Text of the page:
Historically, dice is the plural of die, but in modern standard English, dice is both the singular and the plural: throw the dice could mean a reference to two or more dice, or to just one. In fact, the singular die (rather than dice) is increasingly uncommon

Phrases

  • dice with death

    • Take serious risks.

      • ‘Speeding motorists on West Yorkshire roads are dicing with death by driving on the wrong side of the road in an attempt to dodge speed cameras instead of slowing down.’
      • ‘People who drink alcohol and swim in North Yorkshire's rivers and lakes are dicing with death, police divers have warned.’
      • ‘Dozens of youngsters are dicing with death by leaping 80 ft from bridges into the waters of Salford Quays to cool down during the heatwave.’
      • ‘Skateboarders grabbing on to the back of moving buses are dicing with death.’
      • ‘Children are dicing with death hitching rides on the back of moving vehicles.’
      • ‘Young people do not appreciate that taking Ecstasy is dicing with death.’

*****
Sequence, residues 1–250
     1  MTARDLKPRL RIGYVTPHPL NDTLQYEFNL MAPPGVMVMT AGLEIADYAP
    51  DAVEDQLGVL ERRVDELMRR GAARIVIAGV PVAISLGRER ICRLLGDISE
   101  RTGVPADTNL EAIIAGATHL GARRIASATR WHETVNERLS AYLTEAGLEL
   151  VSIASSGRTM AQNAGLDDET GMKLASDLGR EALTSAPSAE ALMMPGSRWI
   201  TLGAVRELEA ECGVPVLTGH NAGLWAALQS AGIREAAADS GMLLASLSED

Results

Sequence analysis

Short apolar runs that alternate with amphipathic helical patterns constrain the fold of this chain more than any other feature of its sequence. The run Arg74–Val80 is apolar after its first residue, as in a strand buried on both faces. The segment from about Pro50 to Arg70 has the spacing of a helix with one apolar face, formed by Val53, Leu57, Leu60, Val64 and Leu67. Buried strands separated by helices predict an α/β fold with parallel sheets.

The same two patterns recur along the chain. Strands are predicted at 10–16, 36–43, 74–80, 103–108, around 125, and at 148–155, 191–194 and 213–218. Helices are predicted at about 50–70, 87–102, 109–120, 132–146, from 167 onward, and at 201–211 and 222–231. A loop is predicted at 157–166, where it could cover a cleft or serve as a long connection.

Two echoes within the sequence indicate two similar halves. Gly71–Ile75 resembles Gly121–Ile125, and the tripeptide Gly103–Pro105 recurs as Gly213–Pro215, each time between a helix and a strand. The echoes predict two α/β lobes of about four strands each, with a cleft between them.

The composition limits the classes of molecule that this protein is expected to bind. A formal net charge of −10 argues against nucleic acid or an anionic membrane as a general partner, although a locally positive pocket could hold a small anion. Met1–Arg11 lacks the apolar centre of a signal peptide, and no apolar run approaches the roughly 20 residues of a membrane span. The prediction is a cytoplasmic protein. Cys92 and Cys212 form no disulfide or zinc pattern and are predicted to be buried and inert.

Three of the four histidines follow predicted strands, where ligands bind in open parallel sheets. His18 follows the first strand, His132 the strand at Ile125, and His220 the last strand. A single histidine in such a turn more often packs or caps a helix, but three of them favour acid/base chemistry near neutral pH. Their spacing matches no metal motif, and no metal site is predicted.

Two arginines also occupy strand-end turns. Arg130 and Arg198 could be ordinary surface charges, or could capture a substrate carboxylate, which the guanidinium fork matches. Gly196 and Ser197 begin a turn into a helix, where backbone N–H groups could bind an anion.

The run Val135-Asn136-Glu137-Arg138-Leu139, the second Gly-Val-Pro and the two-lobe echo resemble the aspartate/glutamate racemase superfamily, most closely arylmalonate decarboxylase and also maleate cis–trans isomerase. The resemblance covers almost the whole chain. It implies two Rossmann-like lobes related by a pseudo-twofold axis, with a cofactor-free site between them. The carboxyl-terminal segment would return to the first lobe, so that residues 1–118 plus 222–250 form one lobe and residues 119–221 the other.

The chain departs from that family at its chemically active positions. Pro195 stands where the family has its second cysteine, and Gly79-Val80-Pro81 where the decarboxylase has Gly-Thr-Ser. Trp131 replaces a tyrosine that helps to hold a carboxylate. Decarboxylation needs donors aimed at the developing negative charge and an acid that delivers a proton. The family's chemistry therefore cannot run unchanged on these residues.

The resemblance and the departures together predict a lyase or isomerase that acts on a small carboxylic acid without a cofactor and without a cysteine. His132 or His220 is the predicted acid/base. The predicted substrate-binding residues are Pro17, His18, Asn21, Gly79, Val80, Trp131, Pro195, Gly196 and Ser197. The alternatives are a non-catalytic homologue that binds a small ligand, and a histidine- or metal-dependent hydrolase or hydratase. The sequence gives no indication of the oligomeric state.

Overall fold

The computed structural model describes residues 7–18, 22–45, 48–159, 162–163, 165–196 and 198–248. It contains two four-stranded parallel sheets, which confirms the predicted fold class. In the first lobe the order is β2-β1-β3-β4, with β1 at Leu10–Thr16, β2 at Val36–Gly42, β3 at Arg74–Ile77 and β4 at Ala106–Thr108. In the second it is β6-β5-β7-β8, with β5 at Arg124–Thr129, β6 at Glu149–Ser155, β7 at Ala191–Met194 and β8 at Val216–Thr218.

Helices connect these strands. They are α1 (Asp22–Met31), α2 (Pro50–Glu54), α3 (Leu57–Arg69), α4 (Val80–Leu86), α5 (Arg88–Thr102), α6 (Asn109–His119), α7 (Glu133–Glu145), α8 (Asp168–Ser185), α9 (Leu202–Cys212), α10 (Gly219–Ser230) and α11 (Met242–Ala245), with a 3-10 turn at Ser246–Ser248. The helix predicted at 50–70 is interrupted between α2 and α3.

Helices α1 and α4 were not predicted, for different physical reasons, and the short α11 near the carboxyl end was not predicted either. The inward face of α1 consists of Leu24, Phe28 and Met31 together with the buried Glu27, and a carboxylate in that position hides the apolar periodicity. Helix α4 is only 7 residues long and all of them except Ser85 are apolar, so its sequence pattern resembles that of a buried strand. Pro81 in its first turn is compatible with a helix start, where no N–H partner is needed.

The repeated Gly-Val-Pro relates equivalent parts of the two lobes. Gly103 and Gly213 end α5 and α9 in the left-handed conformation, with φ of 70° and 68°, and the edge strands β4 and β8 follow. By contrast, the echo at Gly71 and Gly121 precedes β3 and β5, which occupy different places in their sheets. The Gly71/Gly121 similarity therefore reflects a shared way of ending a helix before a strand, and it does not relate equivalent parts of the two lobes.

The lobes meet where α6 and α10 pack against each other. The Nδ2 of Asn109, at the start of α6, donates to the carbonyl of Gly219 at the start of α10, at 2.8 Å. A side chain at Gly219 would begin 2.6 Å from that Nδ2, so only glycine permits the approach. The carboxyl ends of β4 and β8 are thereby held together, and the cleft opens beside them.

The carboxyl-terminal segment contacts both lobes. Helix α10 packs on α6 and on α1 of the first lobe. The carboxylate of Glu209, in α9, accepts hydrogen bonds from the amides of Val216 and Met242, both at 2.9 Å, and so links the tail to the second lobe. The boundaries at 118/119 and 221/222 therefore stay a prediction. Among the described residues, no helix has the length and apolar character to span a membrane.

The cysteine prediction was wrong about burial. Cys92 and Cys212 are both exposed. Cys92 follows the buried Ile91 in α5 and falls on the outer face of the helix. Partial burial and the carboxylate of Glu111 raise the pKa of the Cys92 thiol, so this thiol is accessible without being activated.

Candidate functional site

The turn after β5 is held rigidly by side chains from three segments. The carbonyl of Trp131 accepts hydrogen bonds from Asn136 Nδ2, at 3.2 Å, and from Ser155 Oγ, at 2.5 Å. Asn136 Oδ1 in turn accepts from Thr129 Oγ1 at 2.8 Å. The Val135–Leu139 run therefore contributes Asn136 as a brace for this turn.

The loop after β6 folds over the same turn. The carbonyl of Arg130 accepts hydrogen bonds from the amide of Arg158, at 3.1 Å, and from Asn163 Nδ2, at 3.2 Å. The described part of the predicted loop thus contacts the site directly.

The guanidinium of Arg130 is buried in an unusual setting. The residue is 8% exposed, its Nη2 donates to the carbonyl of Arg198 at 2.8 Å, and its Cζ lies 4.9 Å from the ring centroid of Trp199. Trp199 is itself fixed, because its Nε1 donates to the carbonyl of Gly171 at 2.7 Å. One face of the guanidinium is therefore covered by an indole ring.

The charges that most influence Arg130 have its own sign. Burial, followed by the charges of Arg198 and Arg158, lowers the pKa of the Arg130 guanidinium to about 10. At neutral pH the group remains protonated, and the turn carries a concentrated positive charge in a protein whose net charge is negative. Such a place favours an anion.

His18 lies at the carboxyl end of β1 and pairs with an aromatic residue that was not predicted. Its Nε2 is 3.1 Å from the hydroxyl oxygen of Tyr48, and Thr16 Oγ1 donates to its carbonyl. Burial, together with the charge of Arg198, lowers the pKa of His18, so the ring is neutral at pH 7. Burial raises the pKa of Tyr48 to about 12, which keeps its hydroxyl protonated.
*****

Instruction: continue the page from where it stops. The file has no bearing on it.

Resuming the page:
• ‘We're usually taking calculated risks and even dicing with death at times!’
      • ‘After the accident last October concern was raised that children as young as nine were dicing with death on the Parkway by playing ‘chicken’ in the fast-moving traffic.’
      • ‘Men buy Harley Davidson motorbikes and dice with death on the roads.’
      • ‘Pensioners who have to dodge dual-carriage way traffic to catch a bus are dicing with death, a county councillor has claimed.’
  • no dice

    • informal Used to refuse a request or indicate no chance of success.

      • ‘Olaf wanted his name taken off the picture afterward, but no dice.’
      • ‘I've tried asking about the pics of kids and animals at the desk; no dice.’
      • ‘He works with Debbie Harry and I tried to pry some stories about her out of him, but no dice.’
      • ‘The district court said no dice, and the D.C. Circuit agreed in an incredibly short (4 pages, including heading material) opinion.’